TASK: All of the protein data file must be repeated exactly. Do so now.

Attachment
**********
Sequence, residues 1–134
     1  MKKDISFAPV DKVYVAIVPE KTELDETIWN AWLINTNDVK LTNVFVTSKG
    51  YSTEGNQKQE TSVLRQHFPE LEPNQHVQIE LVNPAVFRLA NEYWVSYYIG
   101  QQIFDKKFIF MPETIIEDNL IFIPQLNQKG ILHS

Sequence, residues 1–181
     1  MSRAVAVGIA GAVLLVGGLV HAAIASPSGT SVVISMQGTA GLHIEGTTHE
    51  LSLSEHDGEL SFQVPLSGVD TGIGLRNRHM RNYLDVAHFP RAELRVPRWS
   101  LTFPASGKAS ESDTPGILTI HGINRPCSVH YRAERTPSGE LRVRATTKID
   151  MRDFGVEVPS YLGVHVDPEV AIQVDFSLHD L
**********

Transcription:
Sequence, residues 1–134
     1  MKKDISFAPV DKVYVAIVPE KTELDETIWN AWLINTNDVK LTNVFVTSKG
    51  YSTEGNQKQE TSVLRQHFPE LEPNQHVQIE LVNPAVFRLA NEYWVSYYIG
   101  QQIFDKKFIF MPETIIEDNL IFIPQLNQKG ILHS

Sequence, residues 1–181
     1  MSRAVAVGIA GAVLLVGGLV HAAIASPSGT SVVISMQGTA GLHIEGTTHE
    51  LSLSEHDGEL SFQVPLSGVD TGIGLRNRHM RNYLDVAHFP RAELRVPRWS
   101  LTFPASGKAS ESDTPGILTI HGINRPCSVH YRAERTPSGE LRVRATTKID
   151  MRDFGVEVPS YLGVHVDPEV AIQVDFSLHD L